Syllabus for CCR-610

CONFLICT, CHANGE & RESOLUTION


COURSE DESCRIPTION

This graduate level course examines change, conflict and resolution in both historic and contemporary contexts and invites students to apply these concepts to personal and professional lives while reflecting on their local, national and global significance.  Through assigned texts and readings and class discussions, and independent research in interdisciplinary subject areas, students will develop an understanding of change, conflict and resolution, as they relate to diverse cultures and eras, including the civil rights movement, women's rights, civil disobedience, working within the system and revolution. The course will provide students with practical insights culled from a deep understanding of global change and will empower them with tools to steer and manage change in their lives and communities.

COURSE TOPICS

  • Change, culture, and conflict
  • Levels of change
  • Cultural trend and social themes
  • Successful approaches
  • Impact of time and context
  • Families, communities, and other settings
  • Political and economic impact
  • Changes and transformations
  • Change and its components
  • Models of change
  • Explanation of change
  • Social situations
  • Definition of movement
  • Origins and development factors
  • Major reform movements
  • Major social changes
  • Revolution and reform movements
  • Theories of revolution and change
  • Revolution and violence
  • Revolution and permanent change
  • Human behavior issues
  • Social process theories
  • Change and group theory
  • Comparisons of theories
  • Nature of resolution process
  • Resolution models
  • Disciplines and setting
  • Research models and processes
  • Types of conflict
  • Resolution model in education
  • Advantages and disadvantages
  • Application to youth culture
  • Globalization, development, and modernization
  • Potential and real conflict
  • Global movements
  • Application on a global scale
  • Theories of change
  • Dependency theory
  • Patriarchy
  • New demographics
  • Societal issues
  • Environmentalism as a movement
  • Industrialization v. environmentalism
  • New issues and solutions

COURSE OBJECTIVES

After completing this course, you should be able to:  

  1. Analyze the origin and emergence of social change, conflict, and conflict resolution throughout the world with emphasis on the United States.
  2. Compare and contrast the influence which social, historical, economic, cultural, and political forces have on change and conflict.
  3. Demonstrate an understanding of the various social movements and the forces which caused their growth, development, or demise.
  4. Assess the emergence of future change and conflict developing from technology, ecological concerns, and growing globalization.
  5. Formulate a practical approach to addressing conflict and realistic steps to resolve conflict at various levels of human relations.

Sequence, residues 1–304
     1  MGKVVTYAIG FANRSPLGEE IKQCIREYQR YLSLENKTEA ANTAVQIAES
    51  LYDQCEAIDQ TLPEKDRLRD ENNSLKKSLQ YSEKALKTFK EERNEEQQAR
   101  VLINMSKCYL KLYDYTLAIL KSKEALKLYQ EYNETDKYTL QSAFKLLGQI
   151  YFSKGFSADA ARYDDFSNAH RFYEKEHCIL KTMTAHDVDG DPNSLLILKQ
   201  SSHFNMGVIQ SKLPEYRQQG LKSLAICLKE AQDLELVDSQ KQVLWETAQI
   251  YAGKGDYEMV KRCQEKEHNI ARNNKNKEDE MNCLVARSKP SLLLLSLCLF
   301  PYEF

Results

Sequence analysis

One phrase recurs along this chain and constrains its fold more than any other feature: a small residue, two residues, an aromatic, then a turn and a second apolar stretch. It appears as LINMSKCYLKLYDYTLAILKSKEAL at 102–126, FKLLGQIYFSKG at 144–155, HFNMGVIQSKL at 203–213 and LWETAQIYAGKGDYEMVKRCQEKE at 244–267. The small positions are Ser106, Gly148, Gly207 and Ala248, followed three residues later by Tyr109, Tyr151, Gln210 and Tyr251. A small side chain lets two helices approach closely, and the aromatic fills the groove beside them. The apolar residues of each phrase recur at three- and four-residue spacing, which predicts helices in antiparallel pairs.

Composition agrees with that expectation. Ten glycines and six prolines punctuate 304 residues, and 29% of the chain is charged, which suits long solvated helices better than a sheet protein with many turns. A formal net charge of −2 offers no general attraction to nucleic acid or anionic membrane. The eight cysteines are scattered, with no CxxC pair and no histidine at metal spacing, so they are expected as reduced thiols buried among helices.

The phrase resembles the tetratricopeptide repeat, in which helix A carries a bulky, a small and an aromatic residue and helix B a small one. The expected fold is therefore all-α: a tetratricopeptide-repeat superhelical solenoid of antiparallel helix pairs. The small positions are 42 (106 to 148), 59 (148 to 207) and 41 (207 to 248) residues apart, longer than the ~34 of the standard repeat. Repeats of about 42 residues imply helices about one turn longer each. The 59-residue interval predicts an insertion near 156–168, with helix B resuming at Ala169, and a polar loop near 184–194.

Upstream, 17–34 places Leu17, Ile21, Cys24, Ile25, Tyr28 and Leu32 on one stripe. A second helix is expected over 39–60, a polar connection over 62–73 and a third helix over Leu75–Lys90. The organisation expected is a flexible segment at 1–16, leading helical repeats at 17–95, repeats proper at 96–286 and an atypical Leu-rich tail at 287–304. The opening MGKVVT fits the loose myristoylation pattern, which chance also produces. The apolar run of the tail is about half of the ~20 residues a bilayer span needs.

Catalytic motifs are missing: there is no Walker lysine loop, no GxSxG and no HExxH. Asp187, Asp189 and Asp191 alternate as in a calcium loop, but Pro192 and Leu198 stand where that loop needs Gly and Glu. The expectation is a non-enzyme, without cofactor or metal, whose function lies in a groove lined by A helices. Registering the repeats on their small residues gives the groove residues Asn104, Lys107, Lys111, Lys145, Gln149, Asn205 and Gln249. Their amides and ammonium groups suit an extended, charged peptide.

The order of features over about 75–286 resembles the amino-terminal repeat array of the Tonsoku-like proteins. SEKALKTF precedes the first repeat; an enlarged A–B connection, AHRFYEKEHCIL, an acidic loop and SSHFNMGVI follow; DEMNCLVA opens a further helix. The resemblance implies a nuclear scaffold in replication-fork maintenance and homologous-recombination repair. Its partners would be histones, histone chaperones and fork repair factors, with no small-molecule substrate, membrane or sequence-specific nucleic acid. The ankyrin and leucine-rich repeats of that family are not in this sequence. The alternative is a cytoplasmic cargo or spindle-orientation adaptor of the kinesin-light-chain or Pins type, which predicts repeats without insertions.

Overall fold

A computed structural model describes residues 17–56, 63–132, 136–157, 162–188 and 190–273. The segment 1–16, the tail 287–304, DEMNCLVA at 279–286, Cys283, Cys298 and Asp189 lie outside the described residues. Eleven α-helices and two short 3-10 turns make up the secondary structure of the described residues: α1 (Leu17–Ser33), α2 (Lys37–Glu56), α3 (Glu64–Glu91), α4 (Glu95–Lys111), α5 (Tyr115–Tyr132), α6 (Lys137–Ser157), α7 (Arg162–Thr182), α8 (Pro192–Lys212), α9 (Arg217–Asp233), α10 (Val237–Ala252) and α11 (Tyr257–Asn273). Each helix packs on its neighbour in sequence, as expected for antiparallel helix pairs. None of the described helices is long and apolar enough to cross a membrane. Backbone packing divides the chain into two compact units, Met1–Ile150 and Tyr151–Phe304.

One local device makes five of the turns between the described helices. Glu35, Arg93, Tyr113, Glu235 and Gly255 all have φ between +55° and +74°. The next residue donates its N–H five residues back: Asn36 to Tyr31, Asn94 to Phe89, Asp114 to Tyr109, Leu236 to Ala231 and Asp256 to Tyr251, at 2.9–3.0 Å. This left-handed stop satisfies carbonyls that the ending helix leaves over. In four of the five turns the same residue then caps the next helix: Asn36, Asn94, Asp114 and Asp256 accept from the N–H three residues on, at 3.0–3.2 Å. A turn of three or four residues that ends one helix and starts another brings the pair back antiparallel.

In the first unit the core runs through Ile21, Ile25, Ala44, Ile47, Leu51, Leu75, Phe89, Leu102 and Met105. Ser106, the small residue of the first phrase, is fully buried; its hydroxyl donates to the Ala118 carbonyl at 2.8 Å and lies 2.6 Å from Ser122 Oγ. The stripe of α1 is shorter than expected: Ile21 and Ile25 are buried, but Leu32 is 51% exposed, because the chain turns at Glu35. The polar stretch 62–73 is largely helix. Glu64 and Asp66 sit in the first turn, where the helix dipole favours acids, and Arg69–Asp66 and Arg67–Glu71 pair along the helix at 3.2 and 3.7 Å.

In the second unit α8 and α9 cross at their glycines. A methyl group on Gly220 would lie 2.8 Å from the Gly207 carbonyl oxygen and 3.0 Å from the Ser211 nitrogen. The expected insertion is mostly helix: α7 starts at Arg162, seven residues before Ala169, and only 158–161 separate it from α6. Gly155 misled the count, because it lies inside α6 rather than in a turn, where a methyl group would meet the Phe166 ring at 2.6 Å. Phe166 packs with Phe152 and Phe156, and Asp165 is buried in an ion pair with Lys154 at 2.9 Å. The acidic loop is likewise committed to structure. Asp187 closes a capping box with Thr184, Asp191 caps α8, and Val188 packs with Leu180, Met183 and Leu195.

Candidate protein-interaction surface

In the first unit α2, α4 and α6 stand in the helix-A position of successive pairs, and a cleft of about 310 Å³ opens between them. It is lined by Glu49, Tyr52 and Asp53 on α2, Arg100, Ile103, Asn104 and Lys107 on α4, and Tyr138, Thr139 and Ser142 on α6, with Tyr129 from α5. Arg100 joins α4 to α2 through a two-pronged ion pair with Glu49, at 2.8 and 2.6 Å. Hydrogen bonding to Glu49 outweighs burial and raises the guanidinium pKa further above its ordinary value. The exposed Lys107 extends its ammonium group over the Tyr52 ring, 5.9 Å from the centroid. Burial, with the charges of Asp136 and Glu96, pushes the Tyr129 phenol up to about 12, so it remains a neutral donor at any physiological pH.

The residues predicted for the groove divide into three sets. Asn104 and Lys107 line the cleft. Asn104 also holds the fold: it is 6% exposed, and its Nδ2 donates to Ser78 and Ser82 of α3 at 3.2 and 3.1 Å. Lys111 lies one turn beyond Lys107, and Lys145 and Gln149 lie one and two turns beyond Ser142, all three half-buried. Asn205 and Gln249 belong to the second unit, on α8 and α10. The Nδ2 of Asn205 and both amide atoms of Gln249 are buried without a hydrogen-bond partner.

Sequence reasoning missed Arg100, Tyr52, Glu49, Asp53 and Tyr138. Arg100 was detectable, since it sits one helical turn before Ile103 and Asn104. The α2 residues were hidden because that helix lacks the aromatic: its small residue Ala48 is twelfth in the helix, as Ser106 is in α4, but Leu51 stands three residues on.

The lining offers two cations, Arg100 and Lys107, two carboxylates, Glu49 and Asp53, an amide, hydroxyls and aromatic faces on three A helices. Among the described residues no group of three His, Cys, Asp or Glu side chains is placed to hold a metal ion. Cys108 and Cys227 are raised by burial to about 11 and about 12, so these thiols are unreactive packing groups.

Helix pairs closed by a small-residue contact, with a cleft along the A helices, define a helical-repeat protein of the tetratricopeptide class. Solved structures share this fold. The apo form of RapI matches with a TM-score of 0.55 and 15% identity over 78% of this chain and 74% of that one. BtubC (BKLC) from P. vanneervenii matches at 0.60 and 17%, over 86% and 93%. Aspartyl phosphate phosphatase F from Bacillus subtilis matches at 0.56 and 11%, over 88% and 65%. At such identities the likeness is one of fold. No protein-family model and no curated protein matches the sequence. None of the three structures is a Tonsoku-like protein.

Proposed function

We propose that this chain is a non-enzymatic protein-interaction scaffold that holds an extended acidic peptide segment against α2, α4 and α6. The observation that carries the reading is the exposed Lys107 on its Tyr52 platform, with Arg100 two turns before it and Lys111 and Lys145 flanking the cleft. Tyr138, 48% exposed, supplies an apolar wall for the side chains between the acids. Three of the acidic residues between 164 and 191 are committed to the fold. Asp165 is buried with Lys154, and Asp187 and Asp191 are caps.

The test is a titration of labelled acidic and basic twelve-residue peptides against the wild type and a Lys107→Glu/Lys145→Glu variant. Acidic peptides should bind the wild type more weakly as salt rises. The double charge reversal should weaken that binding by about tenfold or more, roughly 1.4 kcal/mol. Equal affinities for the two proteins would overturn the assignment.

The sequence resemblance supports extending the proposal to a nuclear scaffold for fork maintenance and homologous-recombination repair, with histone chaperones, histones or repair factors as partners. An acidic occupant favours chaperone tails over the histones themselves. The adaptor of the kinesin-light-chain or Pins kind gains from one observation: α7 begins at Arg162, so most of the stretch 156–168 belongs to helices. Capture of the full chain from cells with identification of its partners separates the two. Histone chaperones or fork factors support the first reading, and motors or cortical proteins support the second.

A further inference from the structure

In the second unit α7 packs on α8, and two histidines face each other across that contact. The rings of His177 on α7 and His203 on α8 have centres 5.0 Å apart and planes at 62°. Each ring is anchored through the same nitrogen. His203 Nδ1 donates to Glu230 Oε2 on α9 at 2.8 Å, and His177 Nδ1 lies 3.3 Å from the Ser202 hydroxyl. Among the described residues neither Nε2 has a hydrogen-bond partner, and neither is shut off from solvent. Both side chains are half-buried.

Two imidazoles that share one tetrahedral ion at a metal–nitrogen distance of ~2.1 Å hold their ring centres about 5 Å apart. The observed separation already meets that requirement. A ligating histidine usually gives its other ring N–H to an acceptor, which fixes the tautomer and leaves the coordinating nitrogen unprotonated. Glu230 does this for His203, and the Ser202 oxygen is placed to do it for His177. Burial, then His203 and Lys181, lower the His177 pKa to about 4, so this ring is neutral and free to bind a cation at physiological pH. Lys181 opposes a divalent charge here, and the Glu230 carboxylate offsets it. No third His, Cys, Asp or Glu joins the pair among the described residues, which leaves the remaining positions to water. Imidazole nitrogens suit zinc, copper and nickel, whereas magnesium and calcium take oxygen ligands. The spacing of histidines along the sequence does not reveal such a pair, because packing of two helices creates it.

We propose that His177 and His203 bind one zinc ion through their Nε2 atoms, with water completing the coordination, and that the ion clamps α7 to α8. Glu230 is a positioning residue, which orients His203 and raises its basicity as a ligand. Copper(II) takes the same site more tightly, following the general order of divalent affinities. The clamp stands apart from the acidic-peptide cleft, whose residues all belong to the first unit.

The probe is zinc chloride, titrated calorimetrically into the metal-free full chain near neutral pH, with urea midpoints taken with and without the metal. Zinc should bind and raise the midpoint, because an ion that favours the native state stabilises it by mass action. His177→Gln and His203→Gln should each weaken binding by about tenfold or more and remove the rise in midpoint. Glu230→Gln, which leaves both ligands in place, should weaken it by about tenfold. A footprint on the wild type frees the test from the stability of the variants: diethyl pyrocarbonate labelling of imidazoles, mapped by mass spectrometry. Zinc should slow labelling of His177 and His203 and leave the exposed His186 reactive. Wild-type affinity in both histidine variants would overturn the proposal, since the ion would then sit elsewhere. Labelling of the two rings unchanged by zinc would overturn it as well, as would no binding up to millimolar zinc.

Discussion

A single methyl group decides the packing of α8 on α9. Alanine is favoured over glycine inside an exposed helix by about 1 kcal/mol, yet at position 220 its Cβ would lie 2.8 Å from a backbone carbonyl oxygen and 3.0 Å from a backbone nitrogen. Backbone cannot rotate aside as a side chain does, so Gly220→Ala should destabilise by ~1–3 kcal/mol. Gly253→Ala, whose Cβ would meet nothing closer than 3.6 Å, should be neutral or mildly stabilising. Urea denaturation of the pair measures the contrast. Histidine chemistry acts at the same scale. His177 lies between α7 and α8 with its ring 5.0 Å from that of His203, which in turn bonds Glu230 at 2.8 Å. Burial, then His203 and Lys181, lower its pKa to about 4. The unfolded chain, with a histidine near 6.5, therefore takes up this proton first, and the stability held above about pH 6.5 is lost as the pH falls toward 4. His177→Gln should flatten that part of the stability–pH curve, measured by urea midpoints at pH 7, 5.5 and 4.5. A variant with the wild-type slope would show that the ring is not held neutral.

COURSE MATERIALS

You will need the following materials to do the work of the course. The required textbook is available from the College's textbook supplier, MBS Direct.

Required Textbooks


COURSE STRUCTURE

Conflict, Change & Resolution is a three-credit online course, consisting of eleven (11) modules. Modules include topics, learning objectives, study materials, and activities. Module titles are listed below.

PART 1:  Introduction and Theoretical Orientation

PART 2:  Social Change and Social Conflict: Macro-level Concerns

PART 3:  Change, Conflict and Resolution: Micro-level Concerns

PART 4: Social Change and Conflict in the Information Age

Consult the course Calendar for assignment due dates.

ASSESSMENT METHODS

For your formal work in the course, you are required to participate in online discussion forums, complete a midterm assignment, and complete a final paper.  See below for more details.

Consult the course Calendar for assignment due dates.

Discussion Forums

You are required to participate in eleven (11) graded discussion forums. Discussion forums are on a variety of topics associated with the courses modules. The discussion forums will serve as an indication that students are keeping up with the class. A missed response will be the equivalent of an absence in the classroom. Students are expected not only to post responses to the discussion questions but also to comment on the responses of others.

Located within the Evaluation Rubrics section of the course Web site is the online discussion forum rubric used to aid in the grading of all online discussion assignments.

For posting guidelines and help with discussion forums, please see the Student Handbook located within the General Information page of the course Web site.

Written Assignments

Short Papers

You are required to complete three (3) short papers. The short papers are on a variety of topics associated with the course modules.  Each paper will be 5 to 7 pages in length.

Located within the Evaluation Rubrics section of the course Web site is the short paper rubric used to aid in the grading of all research exercises within this course.

For help regarding preparing and submitting assignments, see the Student Handbook located within the General Information page of the course Web site.

Final Paper

Every student in the course should identify a topic relevant to the material covered in this course and if possible his/her individual occupation. This topic should be approved by  your mentor by the end of Week 6. The final paper should be 15-20 pages, not including bibliography. The paper will be graded on the correctness of your analysis of your selected topic; grammar and syntax; and overall seriousness and professionalism shown toward the work (see the final project rubric located within the Evaluation Rubrics section of the course Web site).